This article originally appeared in the 8/9/09 edition of The Source.
Julie Powell believes that any meal can be improved with butter. Nora Ephron believes any movie can be improved with sugar.
It was probably a given then that when Ephron, the director of “Sleepless in Seattle” and “You’ve Got Mail,” decided to adapt Powell’s bestselling book “Julie and Julia”, the result would be an enjoyable treat that risks overdosing on sweetness.
The film chronicles Powell’s (Amy Adams) attempts at transformation in 2001. Trapped at a dull government job and watching her dreams of writing fame evaporate she decides to try her hand at cooking through all of the recipes in Julia Child’s famous cookbook “Mastering the Art of French Cooking.” Cheered on by her husband (Chris Messina), Powell finds herself hitting grocery stores after work, staying up late to bone ducks and prepare aspics and collapsing in frustration on the floor when the recipes go up in flames at the last minute.
The film parallels Powell’s story with Child’s (Meryl Streep) own transformation story set 60 years earlier. Recently relocated to Paris with her bureaucrat husband (Stanley Tucci), Child finds herself looking for something to do during the days. After hat-making doesn’t pan out, she enrolls in the prestigious Cordon Bleu cooking school, the lone woman in her class, her strapping height and cheerful demeanor winning her over with the teachers. Like Powell, Child also attempts literary success, as she prepares the first French cookbook for “servantless Americans.”
Adams is quickly becoming the go-to actress for quirky, sweet heroines. With her chipper demeanor and short haircut, she is a perfect replacement for Ephron’s previous muse, Meg Ryan. Despite being an Oscar nominee (“Junebug”), princess (“Enchanted”) and having proven just last year that she can hold her own In a drama (“Doubt,” which also starred Streep), Adams is still believable as the spunky girl-next door who is fed up with her job and itching for more than just an evening of pizza on the couch. True, the real Powell admits that Adams’ character has a cleaner mouth and Adams turns temper tantrums into quirky character tics rather than anything resembling real-life frustration; but the film is a comedy and Adams has a charisma about her that makes her instantly likable, even when her character is descending into culinary obsession with a woman she’s never met.
Ephron’s wit has always been best utilized in her observance of modern culture and there’s a funny scene near the beginning where Powell goes to lunch with her girlfriends, all of whom are pursuing lucrative business deals. While establishing Powell’s dilemma, the scene also provides a funny commentary on the self-absorption of city life and the pervasiveness of cell phones. Adams’ narration of Powell’s blog entries is also enjoyable, even as the constant positive messages and wordplay begins to get a bit too cute for the film’s good.
While Powell is ostensibly the film’s subject, the scenes following Child are by far more skillfully done. I was initially afraid that Streep would offer nothing more than an impression of the famous chef, but her body language, demeanor, quick wit and subtle moments of humanity create the rare three-dimensional picture of a well-known celebrity. Yes, it’s very funny to watch Child navigate her cooking classes and city life with her boundless optimism, but there’s a surprising tenderness in unexpected moments, mostly involving her marriage.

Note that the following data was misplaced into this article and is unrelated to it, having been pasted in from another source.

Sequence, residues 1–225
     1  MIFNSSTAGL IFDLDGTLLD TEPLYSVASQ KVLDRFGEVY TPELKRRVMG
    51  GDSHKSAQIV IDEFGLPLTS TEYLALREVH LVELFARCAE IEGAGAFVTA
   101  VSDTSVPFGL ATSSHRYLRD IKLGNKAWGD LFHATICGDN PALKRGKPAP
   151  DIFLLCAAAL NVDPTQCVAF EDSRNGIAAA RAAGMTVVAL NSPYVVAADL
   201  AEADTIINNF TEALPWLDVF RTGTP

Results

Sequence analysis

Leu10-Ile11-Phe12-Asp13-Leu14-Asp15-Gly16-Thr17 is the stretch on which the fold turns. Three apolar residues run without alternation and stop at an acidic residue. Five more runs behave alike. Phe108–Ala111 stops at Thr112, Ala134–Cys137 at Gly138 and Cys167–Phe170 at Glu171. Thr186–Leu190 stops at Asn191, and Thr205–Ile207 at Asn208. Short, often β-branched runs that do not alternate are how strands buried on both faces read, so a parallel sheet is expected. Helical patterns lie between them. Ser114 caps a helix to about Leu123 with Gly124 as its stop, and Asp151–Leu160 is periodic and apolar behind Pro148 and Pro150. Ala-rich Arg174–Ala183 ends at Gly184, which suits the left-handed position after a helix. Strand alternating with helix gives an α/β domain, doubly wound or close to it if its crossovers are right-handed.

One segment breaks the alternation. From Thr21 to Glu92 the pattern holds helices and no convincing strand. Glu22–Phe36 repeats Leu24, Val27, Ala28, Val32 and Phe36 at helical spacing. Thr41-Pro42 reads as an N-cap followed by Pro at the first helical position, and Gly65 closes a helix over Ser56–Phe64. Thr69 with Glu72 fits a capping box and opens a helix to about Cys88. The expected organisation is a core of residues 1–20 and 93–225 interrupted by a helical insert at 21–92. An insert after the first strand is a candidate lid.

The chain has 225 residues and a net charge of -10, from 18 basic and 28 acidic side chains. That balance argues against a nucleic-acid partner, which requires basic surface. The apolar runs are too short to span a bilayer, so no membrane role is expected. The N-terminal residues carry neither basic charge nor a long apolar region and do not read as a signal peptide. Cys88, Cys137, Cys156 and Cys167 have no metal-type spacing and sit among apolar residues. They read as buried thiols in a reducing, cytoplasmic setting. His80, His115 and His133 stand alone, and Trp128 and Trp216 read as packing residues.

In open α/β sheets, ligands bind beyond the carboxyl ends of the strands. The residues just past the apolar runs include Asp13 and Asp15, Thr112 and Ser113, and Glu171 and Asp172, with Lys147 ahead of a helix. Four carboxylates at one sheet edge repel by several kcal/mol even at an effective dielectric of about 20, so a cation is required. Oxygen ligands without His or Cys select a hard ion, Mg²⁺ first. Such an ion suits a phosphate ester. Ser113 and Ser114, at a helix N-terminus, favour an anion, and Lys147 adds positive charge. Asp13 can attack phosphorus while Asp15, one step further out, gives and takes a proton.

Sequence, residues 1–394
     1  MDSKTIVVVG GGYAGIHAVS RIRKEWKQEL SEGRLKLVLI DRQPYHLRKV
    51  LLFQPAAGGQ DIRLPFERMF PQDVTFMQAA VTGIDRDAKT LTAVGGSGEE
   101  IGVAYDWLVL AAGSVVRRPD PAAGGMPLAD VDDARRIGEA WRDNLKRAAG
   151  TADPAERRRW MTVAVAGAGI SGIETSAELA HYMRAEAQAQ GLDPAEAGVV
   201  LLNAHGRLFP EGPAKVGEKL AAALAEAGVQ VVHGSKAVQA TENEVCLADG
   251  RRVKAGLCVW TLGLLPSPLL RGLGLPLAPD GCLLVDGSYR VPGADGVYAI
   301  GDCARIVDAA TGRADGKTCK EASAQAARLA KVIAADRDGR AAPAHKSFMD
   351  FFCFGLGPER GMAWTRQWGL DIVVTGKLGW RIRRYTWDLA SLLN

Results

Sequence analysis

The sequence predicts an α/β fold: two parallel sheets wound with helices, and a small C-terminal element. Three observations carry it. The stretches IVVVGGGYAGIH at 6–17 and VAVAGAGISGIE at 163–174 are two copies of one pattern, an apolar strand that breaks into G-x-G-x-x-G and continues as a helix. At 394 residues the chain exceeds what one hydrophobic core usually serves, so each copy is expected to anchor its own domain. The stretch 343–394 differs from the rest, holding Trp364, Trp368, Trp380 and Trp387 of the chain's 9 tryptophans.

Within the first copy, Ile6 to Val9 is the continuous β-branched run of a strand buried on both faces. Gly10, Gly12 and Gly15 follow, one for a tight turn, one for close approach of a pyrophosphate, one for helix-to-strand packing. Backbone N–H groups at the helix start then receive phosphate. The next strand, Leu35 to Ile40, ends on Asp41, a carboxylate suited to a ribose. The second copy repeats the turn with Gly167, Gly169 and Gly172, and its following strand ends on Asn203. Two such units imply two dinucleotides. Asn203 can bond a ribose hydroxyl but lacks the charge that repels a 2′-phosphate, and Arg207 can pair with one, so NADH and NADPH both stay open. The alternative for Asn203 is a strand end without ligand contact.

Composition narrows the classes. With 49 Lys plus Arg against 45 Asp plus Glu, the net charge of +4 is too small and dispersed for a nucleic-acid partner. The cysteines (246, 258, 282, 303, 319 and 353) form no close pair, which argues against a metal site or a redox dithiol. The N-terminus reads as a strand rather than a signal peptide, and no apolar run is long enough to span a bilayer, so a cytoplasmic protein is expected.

Here is where the film’s greatest strength lies. Ephron nearly singlehandedly created the “chick flick” genre. Yet while “Julie and Julia” is a film geared toward women, it is not a romance in the traditional sense. Both Powell and Child are already in strong, loving marriages when the film begins and the story’s great success is in seeing how those partners offered support, strength and encouragement to women struggling to find their purpose. Tucci especially is phenomenal as Paul Child, a deadpan and funny man who absolutely adores his wife; Tucci’s sense of humor and quiet dignity provide the movie’s strongest scenes. Messina is given far less to do than indulge Adams’ tantrums and partake in an awkward and contrived moment of conflict between Powell and her husband.
The film is much better when it leaves the drama at the door and allows Powell and Child’s stories the room to grow and breathe. Streep is so wonderful as Child, with her lilting voice and surprisingly risqué sense of humor that I would easily have sat through an entire biopic with her as the cook. The Powell storyline is interesting but becomes a tad too glossy and cute, a strong story of transformation buried under mounds of sugar. Ephron’s visual eye is as good as ever; I strongly suspect that if “Dinner and a Movie” wasn’t an option before the film, many audience members will make it one afterward.
And while the film does sometimes come across as too fluffy for its own good at times, it is a return to feel-good form for Ephron, who dabbled in cynicism with “Numbers” and with utter failure in “Hanging Up.” She gets a likeable performance from Adams, a strong one from Streep and a surprising one from Tucci, all wrapped up in a story of transformation and success that should appeal to Ephron’s audience. “Julie and Julia” may be fattening and oversweet, but it’s satisfying nonetheless.